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FDA shields pet food with mad cow curb

Wednesday, May 28, 2003

By Michael Woods, Post-Gazette National Bureau

WASHINGTON -- Dog and cat food will get new safeguards against contamination with mad cow disease and a similar microbe under a U.S. Food and Drug Administration proposal now being circulated in the animal feed industry.

The FDA yesterday recalled dry dog food made by one firm after discovering that it may have been produced with bones and other material rendered from a Canadian cow that tested positive for the disease -- bovine spongiform encephalopathy.

The food was produced during February and March, and sold under the Pet Pantry brand only by phone or e-mail. None was sold in retail stores.

Now the FDA is moving to further restrict use of deer and elk meat in manufacture of food for household pets and farm animals because of growing concern about chronic wasting disease, also known as mad deer disease, which has decimated deer herds, mainly in Western states.

An epidemic of mad cow disease struck cattle in the United Kingdom in the 1990s, and scientists found that it could be transmitted to people who ate infected beef. About 130 people in the U.K. have developed the fatal human version of mad cow disease, which is known as variant Creutzfeldt-Jakob disease.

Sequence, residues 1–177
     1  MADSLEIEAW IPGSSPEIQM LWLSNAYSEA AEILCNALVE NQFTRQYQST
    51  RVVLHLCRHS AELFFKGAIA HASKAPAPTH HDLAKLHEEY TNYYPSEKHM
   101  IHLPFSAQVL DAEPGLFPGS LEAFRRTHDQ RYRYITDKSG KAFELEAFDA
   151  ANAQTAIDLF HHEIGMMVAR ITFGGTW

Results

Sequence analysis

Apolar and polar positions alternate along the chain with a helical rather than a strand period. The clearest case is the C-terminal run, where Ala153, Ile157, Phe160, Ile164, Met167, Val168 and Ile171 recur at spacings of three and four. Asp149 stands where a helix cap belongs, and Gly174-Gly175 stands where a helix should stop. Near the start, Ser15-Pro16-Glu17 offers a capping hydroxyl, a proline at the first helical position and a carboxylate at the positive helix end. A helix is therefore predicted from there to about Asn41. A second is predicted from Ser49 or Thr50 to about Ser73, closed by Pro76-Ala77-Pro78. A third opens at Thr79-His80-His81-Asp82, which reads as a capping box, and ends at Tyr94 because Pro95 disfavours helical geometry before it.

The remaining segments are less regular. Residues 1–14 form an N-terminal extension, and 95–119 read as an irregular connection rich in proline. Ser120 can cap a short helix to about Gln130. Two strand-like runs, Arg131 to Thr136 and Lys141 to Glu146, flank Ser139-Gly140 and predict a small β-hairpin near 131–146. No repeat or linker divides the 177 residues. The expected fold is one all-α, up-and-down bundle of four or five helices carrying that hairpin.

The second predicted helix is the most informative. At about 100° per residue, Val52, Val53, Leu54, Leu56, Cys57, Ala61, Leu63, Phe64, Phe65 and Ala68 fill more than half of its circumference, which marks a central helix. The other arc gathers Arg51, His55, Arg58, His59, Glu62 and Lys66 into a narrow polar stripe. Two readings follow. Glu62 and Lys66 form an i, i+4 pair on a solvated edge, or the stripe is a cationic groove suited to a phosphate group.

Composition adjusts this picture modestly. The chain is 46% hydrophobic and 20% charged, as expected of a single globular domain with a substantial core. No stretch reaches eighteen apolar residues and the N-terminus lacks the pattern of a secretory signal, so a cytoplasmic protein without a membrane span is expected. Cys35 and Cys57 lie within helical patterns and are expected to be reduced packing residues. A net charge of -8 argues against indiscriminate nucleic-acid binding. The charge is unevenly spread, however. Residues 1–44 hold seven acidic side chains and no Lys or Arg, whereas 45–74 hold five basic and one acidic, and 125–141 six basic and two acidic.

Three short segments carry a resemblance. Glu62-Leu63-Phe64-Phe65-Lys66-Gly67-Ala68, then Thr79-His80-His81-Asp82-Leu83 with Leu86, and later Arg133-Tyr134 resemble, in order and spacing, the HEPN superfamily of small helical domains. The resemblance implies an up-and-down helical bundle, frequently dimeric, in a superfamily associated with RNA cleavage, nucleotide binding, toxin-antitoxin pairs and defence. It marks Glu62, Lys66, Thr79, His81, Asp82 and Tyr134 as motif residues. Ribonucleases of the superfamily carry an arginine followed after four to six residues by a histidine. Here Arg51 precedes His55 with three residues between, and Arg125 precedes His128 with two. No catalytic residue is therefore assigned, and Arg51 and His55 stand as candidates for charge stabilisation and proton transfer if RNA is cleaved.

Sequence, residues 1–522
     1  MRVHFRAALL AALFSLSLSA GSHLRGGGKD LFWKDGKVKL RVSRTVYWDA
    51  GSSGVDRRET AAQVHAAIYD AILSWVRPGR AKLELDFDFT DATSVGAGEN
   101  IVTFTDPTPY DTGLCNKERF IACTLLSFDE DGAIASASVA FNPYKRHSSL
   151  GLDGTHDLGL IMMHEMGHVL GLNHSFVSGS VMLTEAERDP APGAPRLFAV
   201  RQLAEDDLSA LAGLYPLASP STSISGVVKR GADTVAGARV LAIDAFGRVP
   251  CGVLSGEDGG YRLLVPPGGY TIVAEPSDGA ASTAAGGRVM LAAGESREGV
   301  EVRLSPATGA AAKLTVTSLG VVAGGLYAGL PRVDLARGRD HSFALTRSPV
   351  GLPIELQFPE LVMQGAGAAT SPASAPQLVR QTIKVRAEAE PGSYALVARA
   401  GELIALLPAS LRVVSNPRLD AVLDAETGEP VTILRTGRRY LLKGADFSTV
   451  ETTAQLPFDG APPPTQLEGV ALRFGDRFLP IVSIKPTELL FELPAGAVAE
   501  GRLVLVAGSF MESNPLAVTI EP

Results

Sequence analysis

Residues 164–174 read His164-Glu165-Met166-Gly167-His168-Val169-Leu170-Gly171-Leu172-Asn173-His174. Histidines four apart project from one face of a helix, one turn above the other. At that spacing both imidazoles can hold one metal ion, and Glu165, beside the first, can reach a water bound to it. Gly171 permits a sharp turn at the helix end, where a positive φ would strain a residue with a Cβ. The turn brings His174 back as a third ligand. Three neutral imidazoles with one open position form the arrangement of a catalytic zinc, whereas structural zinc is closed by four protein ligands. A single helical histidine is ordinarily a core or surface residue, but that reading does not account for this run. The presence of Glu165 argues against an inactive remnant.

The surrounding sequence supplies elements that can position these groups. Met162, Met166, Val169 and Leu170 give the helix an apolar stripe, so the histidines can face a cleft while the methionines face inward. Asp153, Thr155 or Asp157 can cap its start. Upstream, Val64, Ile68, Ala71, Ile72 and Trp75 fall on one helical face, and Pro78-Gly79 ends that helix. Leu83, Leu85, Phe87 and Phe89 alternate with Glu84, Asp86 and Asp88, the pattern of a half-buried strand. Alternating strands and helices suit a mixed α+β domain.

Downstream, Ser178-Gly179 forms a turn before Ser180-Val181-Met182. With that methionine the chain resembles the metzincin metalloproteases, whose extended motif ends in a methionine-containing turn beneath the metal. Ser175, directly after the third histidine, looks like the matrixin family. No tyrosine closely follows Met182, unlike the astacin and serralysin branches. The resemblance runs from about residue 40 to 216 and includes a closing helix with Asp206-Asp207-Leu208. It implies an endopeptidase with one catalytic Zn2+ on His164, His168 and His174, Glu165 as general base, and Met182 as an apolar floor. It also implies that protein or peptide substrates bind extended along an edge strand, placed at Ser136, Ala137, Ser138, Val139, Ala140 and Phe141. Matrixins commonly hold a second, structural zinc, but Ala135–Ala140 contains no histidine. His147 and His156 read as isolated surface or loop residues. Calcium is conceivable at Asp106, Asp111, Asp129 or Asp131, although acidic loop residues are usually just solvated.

There is no treatment for mad cow and related diseases, no vaccine to prevent them and no diagnostic test that can be done on living animals.

Although mad deer disease can be transmitted from deer and elk to other animals under laboratory conditions, no confirmed cases have been reported among hunters or others who eat deer or elk meat.

The FDA in 1997 banned the use of animal parts in feed for ruminants to prevent spread of mad cow disease in cattle. Ruminants are animals like cows, sheep, goats, deer and elk whose stomachs have four chambers. The 1997 ban covered most material from deer and elk.

The new FDA "guidance" to the animal feed industry, issued in draft form, further limits use of deer and elk meat.

It recommends against use of all material from deer and elk in all kinds of animal food, not just that intended for other ruminants. Included would be feed for non-ruminant farm animals like chickens and pigs, as well as pet dogs and cats, according to Rae Jones, an FDA spokeswoman.

The guidelines would cover only deer and elk that test positive for mad deer disease or originate in states with outbreaks, which include Colorado, Illinois, Nebraska, New Mexico, South Dakota, Utah, Wisconsin and Wyoming. No cases have been reported in Pennsylvania.

Michael Woods can be reached at mwoods@nationalpress.com or 1-202-662-7072.

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